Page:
Migratory Bird Capture and Tick Collection

To test our hypothesis that migratory birds are carrying Asian longhorned ticks, we investigated the presence of ticks on northward migratory birds at a high-density stopover site at Penglai City (37°55′13.84″N, 120°43′53.27″E), Yantai City, Shandong Province, during April 2021. Shandong Province is a major location on the Asia‒Pacific migratory route. We captured birds by using mist nets (2.5 × 6 m or 2.5 × 12 m, mesh size 3.0 cm) placed in a wooded habitat. Upon capture, we meticulously examined birds for ticks by searching ear canals, backs of heads, mandibular areas, and perimeter of the eyes. We then removed ticks by using fine forceps.

Tick Diversity in Penglai City

Penglai City is 1 of the most SFTS-endemic areas in China and a major location in the Asia‒Pacific migratory route. We collected and sequenced parthenogenetic ticks from 9 locations in Penglai City. We used phylogenetic analysis to compare the diversity of ticks from Penglai City with the diversity of ticks from 15 other provinces in China.

Virus Acquisition by and Transstadial Passage of Ticks for SFTSV

We tested the virus susceptibility of parthenogenetic and bisexual populations for transmitting SFTSV by using laboratory-adapted Asian longhorned tick colonies and an IFNAR (interferon α/β receptor knockout) mouse model. We infected nymphal ticks by feeding them on IFNAR−/− C57/BL6 mice, which were previously inoculated with 2 × 103 focal-forming units of SFTSV (Wuhan strain; GenBank accession nos.: small segment, KU361341.1; medium segment KU361342.1; large segment, KU361343.1). We collected fed nymphs after they were fully engorged and had detached from the mice. We analyzed SFTSV RNA levels in the ticks after they molted into adults. We extracted total RNA prepared from homogenates of ticks by using TRIzol reagent (Thermo Fisher Scientific, https://www.thermofisher.com) according to manufacturer’s instructions. We analyzed samples by using a One-Step SYBR PrimerScript Reverse Transcription PCR Kit (TaKaRa) on an Applied Biosystems QuantStudio (https://www.thermofisher.com) and measured each sample in triplicate. Primers were designed as previously described (32).

Results

Tick Distribution and Ploidy Analysis

Figure 2

Geographic distribution of bisexual and parthenogenetic Asian longhorned ticks collected in China. Red dots indicate parthenogenetic ticks, gray dots indicate bisexual ticks, and blue dots indicate bisexual and parthenogenetic ticks.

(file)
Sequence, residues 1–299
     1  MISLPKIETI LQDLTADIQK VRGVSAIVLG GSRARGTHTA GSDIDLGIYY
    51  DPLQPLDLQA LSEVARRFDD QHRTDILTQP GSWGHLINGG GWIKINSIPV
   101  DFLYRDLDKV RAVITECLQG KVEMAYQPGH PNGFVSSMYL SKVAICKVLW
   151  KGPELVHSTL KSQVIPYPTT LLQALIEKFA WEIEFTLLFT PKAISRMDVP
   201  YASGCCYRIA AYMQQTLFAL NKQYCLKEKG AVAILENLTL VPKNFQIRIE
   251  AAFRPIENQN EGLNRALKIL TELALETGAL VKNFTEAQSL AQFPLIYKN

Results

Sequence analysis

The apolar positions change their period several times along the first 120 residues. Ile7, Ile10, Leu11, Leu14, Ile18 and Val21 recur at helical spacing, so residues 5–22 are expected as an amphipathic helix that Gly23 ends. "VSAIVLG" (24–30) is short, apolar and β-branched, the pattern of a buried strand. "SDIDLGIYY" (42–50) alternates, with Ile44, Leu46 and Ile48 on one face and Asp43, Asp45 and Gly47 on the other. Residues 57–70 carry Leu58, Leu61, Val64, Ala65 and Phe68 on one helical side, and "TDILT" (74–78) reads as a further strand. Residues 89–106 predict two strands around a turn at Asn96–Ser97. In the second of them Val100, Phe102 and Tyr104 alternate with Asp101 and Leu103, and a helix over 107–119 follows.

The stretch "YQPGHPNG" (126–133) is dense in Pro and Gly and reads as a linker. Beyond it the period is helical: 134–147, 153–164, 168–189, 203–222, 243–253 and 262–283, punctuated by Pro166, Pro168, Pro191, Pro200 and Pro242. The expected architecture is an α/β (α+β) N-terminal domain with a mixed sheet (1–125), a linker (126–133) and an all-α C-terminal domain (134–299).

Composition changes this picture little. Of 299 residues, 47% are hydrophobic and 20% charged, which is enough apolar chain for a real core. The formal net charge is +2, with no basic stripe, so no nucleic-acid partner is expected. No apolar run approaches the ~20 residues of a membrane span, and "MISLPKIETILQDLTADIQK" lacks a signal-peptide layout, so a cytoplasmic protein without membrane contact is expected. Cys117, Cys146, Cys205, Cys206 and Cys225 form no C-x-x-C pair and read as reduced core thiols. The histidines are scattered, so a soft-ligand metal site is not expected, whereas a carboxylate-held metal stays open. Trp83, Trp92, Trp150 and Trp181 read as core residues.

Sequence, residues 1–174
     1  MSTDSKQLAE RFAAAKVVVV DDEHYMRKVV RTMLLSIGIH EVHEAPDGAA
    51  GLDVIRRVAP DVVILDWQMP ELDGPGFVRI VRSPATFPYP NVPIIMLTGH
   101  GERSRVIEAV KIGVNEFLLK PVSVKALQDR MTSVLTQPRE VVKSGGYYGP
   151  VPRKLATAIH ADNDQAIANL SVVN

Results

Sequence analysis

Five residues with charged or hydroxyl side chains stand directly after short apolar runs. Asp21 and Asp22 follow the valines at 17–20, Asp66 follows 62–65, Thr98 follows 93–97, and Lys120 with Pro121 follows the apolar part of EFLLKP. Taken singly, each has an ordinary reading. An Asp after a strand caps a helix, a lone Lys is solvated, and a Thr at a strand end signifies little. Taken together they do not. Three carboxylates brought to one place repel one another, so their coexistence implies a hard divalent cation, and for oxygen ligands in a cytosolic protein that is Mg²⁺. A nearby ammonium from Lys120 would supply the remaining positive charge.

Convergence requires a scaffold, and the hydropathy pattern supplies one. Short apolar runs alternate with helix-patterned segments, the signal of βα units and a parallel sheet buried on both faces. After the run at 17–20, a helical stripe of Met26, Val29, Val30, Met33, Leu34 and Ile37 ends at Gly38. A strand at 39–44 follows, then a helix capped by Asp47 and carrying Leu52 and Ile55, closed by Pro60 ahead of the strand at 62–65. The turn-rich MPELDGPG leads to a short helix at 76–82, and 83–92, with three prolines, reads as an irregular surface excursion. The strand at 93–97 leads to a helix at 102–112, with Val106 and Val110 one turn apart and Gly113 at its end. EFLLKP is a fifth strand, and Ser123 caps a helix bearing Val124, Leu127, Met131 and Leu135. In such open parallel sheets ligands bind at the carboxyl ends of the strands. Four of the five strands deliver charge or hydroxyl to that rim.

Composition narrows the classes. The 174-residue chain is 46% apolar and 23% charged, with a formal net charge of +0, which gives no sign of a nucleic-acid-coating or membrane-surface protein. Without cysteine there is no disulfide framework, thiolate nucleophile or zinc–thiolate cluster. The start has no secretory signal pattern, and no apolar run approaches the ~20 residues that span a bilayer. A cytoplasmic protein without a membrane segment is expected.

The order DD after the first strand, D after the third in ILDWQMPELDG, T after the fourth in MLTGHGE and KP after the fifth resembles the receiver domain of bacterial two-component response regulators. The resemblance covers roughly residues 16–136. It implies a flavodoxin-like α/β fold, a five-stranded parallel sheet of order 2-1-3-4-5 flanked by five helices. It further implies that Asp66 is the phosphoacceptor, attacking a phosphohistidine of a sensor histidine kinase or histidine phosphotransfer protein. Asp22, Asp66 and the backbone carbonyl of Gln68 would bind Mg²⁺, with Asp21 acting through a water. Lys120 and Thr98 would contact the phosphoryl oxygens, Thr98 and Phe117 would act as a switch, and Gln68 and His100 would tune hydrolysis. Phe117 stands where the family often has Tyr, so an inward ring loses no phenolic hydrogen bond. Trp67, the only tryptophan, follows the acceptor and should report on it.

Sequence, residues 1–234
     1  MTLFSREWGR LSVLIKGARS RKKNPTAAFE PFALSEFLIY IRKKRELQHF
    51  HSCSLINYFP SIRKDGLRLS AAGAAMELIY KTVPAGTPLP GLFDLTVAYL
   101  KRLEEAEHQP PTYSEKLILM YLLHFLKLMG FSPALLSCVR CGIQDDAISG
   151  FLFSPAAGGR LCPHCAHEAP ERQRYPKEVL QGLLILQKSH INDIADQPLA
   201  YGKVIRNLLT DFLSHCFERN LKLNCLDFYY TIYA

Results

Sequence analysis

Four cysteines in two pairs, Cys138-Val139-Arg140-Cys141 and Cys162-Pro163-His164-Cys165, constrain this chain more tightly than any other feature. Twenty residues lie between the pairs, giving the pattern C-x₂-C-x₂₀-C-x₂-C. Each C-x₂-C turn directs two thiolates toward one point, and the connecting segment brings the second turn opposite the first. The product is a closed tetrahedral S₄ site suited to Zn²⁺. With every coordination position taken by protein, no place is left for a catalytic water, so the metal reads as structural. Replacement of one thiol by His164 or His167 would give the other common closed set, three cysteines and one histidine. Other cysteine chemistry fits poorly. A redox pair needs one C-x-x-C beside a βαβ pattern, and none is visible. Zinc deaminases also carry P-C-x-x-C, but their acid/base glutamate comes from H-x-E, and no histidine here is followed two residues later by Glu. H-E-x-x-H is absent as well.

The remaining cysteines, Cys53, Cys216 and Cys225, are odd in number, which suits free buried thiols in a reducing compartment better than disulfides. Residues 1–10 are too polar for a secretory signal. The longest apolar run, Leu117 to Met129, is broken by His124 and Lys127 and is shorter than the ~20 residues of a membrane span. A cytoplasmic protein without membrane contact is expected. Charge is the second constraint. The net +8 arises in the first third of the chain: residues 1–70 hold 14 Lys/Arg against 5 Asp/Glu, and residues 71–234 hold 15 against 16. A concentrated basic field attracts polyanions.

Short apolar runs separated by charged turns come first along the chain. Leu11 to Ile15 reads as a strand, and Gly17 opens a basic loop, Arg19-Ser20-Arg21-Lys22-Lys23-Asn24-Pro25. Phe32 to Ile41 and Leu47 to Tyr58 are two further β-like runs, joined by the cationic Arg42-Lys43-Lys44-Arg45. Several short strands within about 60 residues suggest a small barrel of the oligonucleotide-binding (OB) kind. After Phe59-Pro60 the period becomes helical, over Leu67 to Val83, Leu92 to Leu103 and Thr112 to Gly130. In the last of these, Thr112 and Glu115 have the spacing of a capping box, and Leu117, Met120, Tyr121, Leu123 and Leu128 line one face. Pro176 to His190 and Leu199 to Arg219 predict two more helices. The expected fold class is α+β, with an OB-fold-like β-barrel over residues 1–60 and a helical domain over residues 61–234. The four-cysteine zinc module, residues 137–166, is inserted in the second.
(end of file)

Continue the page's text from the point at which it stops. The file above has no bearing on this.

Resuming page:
Figure 2. Geographic distribution of bisexual and parthenogenetic Asian longhorned ticks collected in China. Red dots indicate parthenogenetic ticks, gray dots indicate bisexual ticks, and blue dots indicate bisexual and parthenogenetic ticks.

There were 1,328 Asian longhorned ticks confirmed by 16S rRNA sequencing, of which 271 (20.4%) live ticks were further submitted for ploidy analysis by flow cytometry (255 ticks) or by mitochondrial sequencing (16 ticks) (Appendix Table 1). Ploidy testing showed a peak for the bisexual (diploid) population at the 66 position and for the parthenogenetic (triploid) population at the 99 position (Figure 1). Of ticks submitted for ploidy analysis, 186 (69%) of 271 were identified as bisexual and 85 (31%) of 271 as parthenogenetic. Bisexual ticks were detected in 55 (75%) of 73 counties, parthenogenetic ticks were detected in 30 (42%) of 73 of counties, and a mixture of both populations was detected in 12 (16%) of 73 counties (Figure 2; Appendix Table 1). In 18 (25%) of 73 counties, only parthenogenetic ticks were found, and in 43 (59%) of 73 counties, only bisexual ticks were found.

Correlation of SFTSV with Bisexual and Parthenogenic Ticks

Figure 3

Distribution of severe fever with thrombocytopenia syndrome cases in China during 2019 (Chinese Center for Disease Control and Prevention), showing high correlation with parthenogenetic Asian longhorned tick population (shown in Figure 2).

Figure 3. Distribution of severe fever with thrombocytopenia syndrome cases in China during 2019 (Chinese Center for Disease Control and Prevention), showing high correlation with parthenogenetic Asian longhorned tick population (shown in ...

Figure 4

Correlation between incidence of severe fever with thrombocytopenia syndrome virus cases (cases per 1 million persons) and number of bisexual (A) and parthenogenetic (B) Asian longhorned ticks in different provinces, China. Each dot represents the number of cases in a province. Blue shading indicates 95% CI.

Figure 4. Correlation between incidence of severe fever with thrombocytopenia syndrome virus cases (cases per 1 million persons) and number of bisexual (A) and parthenogenetic (B) Asian longhorned ticks in different provinces,...